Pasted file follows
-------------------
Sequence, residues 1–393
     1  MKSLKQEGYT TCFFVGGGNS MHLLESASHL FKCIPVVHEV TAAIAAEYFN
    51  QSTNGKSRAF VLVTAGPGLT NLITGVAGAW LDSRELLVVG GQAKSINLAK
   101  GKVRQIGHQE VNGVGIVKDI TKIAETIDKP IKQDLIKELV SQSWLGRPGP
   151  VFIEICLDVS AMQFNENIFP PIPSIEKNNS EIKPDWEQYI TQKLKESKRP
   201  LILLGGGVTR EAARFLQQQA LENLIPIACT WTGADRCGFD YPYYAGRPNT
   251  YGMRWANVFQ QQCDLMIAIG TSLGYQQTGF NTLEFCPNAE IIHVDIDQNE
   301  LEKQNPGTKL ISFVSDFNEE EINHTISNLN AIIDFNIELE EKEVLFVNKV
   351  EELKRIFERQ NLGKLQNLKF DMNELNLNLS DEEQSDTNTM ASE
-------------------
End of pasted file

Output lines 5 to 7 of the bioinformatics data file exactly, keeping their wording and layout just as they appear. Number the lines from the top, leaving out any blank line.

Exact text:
   151  VFIEICLDVS AMQFNENIFP PIPSIEKNNS EIKPDWEQYI TQKLKESKRP
   201  LILLGGGVTR EAARFLQQQA LENLIPIACT WTGADRCGFD YPYYAGRPNT
   251  YGMRWANVFQ QQCDLMIAIG TSLGYQQTGF NTLEFCPNAE IIHVDIDQNE